No, this is not about the television show of the same name (though I've heard it's an awesome show). This is literally about the subject of this post--curbing your enthusiasm.
As a child, I was very enthusiastic about lots of things. My birthday, Halloween, Christmas, going "down the shore" (hey, I'm from New Jersey)--and as I got older, dates with men I had a crush on, and when I got engaged, I was enthusiastic about getting married. I'd been waiting for that last one my whole life.
Some experiences were very pleasant, don't get me wrong. But overall--none of them lived up to the level of anticipation I had beforehand. The event in question was never quite as glowing as I'd imagined, and everything seemed to end very quickly. My wedding--that "once in a lifetime big day" was a catastrophe. The guests had a great time, and aesthetically it was fine--but I had so much anxiety I didn't enjoy it at all. I realized that there was a marriage after this wedding, and I didn't want to be part of it. I had more enthusiasm about the divorce.
I've said before that life is out of our control. Some people have taken issue with that, but I think they misunderstand me. Amma once said during one of her retreats, "Do you want to make God laugh? Tell him your plans." This doesn't mean that we should never plan anything--in order to produce works or goods of any kind requires some planning and effort. But there is a need to be flexible; fixating on the outcome too much will only lead to disappointment. Anything can happen at any time, and if you're too rigidly tied to your agenda, you'll break rather than bend when things get stormy.
I've discussed my May visit to Liverpool to see John Foxx. I think those events are what I look forward to the most these days. I love traveling to the UK when I can afford it. As you know from my posting on that event, there were technical difficulties, and there was concern the show wouldn't go on at all. Afterwards, when Foxx, Karborn, and Steve Malins stood around discussing what happened versus what they expected, Steve suddenly asked me, "What do you think Brigid? Did this show meet your expectations?" My reply was, "I never come with expectations. Whatever happens, happens. And everything looked just fine to me."
While I'm not sure they were convinced by my answer (they may have thought I was being polite), it was the God's-honest truth. Even when I am fired up for something, I make a sincere effort not to think about it at all beforehand. Some people tell me I'm being too negative, but I'm really not--I'm not assuming anything "bad" will happen, I just feel that I'll be happier if I live in the present and let the event unfold however it's going to unfold. Once I've booked my tickets and accommodations, I don't think about it again until a day or two before when I have to pack and get everything in order. When the event actually occurs, I just show up and see who I run into, and how well things go. You may say that the enthusiasm is part of the fun, but I disagree. What goes up must come down. If you're enthusiastic, you're also nervous and anxious, like someone who's consumed 12 cups of strong coffee. And when you finally arrive at the point of the event, or seeing the person you want to see, you either tend to behave like an idiot because you're nervous, or you're too emotionally exhausted to properly enjoy the event. It's like doing drugs--you get really up for awhile, and then comes the miserable crash. I'll pass on that experience.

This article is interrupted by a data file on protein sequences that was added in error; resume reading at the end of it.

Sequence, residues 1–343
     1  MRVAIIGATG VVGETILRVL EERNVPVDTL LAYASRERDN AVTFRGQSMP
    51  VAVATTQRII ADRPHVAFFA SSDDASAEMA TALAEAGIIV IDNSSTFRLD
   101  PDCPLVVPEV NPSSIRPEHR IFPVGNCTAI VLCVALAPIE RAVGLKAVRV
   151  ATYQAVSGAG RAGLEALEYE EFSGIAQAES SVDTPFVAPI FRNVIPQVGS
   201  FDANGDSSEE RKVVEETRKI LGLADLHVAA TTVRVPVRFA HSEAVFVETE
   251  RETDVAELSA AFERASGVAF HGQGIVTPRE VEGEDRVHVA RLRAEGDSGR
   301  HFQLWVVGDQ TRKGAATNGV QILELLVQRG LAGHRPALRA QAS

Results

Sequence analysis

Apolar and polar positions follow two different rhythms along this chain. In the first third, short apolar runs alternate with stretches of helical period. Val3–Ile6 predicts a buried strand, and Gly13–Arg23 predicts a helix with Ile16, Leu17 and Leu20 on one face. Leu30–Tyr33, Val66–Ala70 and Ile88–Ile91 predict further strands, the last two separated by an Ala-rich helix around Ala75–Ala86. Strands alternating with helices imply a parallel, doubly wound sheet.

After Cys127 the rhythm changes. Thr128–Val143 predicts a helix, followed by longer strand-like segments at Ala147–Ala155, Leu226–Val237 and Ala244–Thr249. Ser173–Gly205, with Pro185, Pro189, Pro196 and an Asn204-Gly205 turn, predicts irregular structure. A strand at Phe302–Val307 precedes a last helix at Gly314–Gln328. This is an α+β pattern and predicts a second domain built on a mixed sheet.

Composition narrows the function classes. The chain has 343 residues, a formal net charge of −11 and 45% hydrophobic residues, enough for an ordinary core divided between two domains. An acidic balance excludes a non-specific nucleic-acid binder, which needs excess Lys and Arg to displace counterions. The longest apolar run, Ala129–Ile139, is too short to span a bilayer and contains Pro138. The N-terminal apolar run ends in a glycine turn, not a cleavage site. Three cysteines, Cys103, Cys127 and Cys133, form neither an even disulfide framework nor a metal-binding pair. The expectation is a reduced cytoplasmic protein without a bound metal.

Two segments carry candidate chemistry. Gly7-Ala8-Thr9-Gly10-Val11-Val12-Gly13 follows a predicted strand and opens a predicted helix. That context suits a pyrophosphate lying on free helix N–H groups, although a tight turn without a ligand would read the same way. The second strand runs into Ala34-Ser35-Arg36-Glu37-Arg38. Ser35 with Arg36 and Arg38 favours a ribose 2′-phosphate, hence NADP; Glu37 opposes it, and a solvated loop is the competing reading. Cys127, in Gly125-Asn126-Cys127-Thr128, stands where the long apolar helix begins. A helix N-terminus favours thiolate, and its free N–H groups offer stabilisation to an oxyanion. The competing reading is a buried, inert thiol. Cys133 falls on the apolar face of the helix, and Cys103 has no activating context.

Holidays are a little different. Those are more of a journey than a destination. Christmas has a whole "season" before it. I think I enjoy that more than the holiday itself. But we're so goal-oriented that we tend to focus on the day itself rather than all the festivities prior to the actual day. By the time you get to the actual day, you're probably sick of the holiday already. But if you view it as a natural culmination of the season, without putting too much importance on that day, it seems to be more enjoyable. At least that's what I've found over the years.
I think on the whole, I've learned this: goals are bad. Not general goals, like wanting to get a university degree, or wanting to engage in any particular occupation. But if you're always focused on a "goal", you are forever disappointed. Even if you achieve your goal, there is a sense of "that's it?" afterwards. All of our goals are necessarily temporal. Making a lot of money, going on a trip, having a nice house--all of these are good things, but they're not going to mean squat in 10,000 years. Think about that. We obviously need to move in some direction, because we are living life, but we shouldn't live FOR temporal things. Even careers--how many people absolutely live for their jobs for years and years, only to be lost when their career becomes obsolete?
There's no need to see all this as negative, though. Human beings like to have a "purpose", so it's good to work towards something. Just pay attention along the way, and be prepared for anything. There are lots of opportunities that you may miss if you're too narrowly focused. A "sure thing" may disappoint you, and what appears to be a loss or failure may actually be a blessing. We end up in the right place regardless of how we got there.
Actually--now that I think about it--I've achieved all the goals I had as a child. All the things I wanted to be when I grew up at one time or another, I've become, with the exception of being a Mom. Pretty cool. And I didn't even plan it that way.